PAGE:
By Paul T Davies

Oliver! Mercury at Abbey Field, Colchester. Until October 12. 01206 573948.

Well, here is something really special.

While the Mercury Theatre is undergoing it’s redevelopment, Team Mercury refuse to lay idle for a year, but take on the challenge of performing in pop up venues throughout the town. Welcome then to the Big Top at Abbey Field, an 800 seat auditorium and a co-production with the Mercury Theatre and Colchester Operatic Society.

Creative Director Ryan McBride has signalled his intention to work with local community groups, and the gamble pays off in this wonderful production of Lionel Bart’s timeless musical. The creative team are professionals, and everyone on stage is amateur, but we are going to have to redefine that word amateur.

The cast are, quite rightly, having the time of their lives and embracing the experience. Too often in this musical, Oliver himself is over shadowed by the other, strong, characters.

It happens in the film as Ron Moody sweeps away all before him. Not here, as young Archie Ball is perfect as Oliver, he will break your heart, is utterly adorable and sings beautifully.

All the principal roles are perfectly cast, with Leanne Field knocking it out of the park as Nancy, belting out those numbers with ease, Adam Woodhouse a convincing, sinister yet loveable Fagin, and Joss-Paul Miller is spot on as the Artful Dodger.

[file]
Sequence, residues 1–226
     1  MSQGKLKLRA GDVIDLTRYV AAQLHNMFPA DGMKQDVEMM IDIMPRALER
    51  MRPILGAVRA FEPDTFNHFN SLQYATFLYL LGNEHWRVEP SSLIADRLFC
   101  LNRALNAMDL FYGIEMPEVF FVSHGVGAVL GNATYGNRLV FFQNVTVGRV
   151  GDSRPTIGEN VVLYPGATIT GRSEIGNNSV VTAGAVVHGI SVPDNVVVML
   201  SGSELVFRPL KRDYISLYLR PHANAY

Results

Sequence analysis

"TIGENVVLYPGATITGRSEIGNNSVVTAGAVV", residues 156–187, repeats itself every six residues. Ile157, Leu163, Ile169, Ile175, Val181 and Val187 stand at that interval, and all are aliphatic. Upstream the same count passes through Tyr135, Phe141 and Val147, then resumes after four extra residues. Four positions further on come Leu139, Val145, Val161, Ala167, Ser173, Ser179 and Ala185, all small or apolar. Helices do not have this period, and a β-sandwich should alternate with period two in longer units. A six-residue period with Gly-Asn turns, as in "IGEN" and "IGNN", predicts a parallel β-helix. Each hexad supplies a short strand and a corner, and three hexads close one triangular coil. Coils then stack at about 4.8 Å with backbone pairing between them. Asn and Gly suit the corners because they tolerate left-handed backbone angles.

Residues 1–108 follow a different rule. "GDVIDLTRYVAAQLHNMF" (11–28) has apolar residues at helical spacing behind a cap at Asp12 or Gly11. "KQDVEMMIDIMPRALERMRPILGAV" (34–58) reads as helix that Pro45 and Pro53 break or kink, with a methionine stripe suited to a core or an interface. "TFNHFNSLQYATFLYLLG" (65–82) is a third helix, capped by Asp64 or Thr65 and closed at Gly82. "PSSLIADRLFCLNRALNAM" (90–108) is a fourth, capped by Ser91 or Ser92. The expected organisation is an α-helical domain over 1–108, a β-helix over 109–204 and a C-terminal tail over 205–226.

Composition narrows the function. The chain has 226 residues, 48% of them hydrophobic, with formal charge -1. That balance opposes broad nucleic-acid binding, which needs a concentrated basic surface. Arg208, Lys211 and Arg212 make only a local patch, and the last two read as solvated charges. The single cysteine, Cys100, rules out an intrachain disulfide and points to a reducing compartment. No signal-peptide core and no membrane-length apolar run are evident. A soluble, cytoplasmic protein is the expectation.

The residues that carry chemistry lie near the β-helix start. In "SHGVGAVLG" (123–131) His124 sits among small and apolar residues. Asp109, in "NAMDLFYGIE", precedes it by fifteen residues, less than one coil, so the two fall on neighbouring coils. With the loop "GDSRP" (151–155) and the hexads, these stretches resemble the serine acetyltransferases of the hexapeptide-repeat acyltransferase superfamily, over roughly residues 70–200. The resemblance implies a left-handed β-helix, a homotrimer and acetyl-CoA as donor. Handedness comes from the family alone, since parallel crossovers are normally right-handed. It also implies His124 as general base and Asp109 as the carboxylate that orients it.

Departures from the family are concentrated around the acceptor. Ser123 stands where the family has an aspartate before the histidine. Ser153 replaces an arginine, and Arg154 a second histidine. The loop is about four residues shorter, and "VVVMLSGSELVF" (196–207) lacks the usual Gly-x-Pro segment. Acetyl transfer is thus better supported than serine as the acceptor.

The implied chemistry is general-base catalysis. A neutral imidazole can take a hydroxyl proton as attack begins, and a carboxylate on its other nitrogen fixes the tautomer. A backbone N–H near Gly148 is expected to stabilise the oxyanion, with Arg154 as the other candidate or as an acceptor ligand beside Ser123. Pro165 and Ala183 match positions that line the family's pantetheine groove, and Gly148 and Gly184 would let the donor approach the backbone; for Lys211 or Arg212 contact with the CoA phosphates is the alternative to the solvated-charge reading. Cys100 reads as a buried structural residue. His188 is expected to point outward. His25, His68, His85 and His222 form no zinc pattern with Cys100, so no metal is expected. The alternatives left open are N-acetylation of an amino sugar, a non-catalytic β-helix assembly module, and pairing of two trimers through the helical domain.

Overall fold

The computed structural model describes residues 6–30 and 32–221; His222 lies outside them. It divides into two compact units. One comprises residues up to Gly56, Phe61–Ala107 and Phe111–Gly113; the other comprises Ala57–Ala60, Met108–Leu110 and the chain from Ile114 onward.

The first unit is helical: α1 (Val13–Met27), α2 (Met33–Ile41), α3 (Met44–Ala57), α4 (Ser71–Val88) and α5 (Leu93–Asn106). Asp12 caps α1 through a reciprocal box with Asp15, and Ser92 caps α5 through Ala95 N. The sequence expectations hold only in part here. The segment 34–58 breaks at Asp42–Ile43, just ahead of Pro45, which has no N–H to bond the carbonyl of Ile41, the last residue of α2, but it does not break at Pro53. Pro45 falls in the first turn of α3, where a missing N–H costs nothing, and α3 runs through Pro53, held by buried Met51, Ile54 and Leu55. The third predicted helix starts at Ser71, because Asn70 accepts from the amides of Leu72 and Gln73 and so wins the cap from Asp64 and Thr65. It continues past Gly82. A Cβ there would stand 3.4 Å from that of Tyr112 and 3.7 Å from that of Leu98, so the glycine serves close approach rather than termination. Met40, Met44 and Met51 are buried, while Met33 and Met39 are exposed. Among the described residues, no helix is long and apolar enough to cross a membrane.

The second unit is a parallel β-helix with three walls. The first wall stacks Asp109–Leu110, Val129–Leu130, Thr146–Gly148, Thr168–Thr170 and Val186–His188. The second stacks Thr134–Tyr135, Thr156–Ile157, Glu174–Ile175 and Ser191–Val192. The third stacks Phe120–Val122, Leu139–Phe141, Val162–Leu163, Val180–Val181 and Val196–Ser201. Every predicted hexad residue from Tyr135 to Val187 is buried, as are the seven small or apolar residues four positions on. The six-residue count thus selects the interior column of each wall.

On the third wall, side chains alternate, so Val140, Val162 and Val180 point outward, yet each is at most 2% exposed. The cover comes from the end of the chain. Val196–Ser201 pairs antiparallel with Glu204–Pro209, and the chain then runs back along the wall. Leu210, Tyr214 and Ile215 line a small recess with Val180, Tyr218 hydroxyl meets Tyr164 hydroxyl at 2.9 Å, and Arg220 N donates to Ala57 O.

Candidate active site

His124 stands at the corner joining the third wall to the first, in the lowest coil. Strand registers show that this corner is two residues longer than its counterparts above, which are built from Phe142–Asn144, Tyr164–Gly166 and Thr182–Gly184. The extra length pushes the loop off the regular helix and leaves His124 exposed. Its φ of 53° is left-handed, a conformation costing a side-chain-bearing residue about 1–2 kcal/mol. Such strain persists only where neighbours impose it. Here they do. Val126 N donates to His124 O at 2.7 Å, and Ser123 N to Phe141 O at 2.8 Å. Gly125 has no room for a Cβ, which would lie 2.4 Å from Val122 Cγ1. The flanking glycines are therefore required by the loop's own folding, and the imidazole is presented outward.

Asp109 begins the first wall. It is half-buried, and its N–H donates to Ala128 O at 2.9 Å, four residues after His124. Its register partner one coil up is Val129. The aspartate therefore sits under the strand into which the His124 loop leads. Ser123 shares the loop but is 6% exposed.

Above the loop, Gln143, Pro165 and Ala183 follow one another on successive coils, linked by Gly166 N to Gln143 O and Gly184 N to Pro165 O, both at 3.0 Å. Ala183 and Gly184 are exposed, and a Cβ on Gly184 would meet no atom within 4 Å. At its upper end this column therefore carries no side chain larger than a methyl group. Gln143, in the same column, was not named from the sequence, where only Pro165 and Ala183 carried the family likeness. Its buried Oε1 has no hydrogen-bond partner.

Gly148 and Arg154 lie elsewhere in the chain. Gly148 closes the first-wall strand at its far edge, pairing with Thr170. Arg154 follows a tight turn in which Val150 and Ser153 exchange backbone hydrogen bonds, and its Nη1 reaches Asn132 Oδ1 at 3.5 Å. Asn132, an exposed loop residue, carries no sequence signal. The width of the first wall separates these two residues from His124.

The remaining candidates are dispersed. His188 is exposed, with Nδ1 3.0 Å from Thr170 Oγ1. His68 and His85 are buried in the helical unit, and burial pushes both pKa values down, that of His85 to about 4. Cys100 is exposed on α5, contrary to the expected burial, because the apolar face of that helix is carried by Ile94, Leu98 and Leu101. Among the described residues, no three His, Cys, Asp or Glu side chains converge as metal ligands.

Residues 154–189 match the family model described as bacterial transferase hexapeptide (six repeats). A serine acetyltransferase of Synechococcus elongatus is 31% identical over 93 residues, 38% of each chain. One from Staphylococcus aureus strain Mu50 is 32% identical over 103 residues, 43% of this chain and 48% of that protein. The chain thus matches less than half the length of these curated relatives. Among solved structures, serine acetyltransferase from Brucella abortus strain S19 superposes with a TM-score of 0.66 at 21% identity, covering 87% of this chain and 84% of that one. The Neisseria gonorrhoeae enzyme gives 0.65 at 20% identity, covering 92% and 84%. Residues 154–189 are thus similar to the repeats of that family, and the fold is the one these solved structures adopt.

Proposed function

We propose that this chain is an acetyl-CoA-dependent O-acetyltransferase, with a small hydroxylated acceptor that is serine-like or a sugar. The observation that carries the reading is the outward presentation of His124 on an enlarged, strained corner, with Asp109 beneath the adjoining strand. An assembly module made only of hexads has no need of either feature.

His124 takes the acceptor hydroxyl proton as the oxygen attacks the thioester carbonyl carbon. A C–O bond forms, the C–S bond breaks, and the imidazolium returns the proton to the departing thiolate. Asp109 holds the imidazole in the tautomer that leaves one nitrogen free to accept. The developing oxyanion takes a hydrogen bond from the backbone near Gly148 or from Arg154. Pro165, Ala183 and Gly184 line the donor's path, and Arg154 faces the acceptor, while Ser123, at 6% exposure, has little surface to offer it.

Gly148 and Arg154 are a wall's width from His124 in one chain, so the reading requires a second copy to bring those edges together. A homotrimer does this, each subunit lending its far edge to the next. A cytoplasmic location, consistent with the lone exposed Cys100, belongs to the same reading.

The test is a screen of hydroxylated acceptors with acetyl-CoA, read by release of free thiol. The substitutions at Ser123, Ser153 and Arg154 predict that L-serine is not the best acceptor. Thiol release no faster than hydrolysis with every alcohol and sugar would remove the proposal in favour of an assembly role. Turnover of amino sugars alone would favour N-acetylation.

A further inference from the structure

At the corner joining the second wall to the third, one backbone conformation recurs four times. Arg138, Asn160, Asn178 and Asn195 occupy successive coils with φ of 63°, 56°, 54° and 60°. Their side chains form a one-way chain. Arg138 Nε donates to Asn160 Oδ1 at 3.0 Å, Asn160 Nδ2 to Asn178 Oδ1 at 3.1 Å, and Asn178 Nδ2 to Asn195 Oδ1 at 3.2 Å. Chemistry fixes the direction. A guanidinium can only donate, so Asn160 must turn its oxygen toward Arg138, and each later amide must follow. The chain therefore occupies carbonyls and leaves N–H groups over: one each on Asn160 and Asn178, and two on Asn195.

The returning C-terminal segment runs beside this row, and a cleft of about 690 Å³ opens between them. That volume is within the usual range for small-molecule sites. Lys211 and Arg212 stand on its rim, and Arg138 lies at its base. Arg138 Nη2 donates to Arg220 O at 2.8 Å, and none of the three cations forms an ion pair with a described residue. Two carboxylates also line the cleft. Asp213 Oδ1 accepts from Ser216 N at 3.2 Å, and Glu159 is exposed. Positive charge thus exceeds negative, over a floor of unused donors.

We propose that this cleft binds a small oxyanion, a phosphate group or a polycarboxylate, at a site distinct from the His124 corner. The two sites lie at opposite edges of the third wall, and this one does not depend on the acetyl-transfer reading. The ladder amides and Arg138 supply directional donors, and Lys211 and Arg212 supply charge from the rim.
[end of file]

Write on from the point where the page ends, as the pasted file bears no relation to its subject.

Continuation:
Wayne Setford is wonderfully evil as Bill Sykes, saying much with stillness and threatening looks, and Sally Fisher and Stuart Williams are supremely sour as the Sowerberrys.

And all this before you add the terrific ensemble, and those set pieces, including Consider Yourself and Oom-Pah-Pah raising the tent roof. But my favourite song of the night was Who Will Buy, with the cast entering through the auditorium and sending shivers up your spine with the most beautiful harmonies.

The direction by Ryan McBryde embraces the company and the audience, and the choreography by Charlie Morgan is superb, filling the stage with movement that projects out to every seat. Special mention must also go to the superb lighting design by Tim Deiling, and the band, under Musical Director Greg Arrowsmith, keeping the pace of the show running perfectly.

There are a few issues with the venue itself in terms of sightlines and, because I am very tall, comfort, but this is a learning curve for everyone at the moment.

However, Mercury Theatre and Colchester Operatic, consider yourself a huge hit.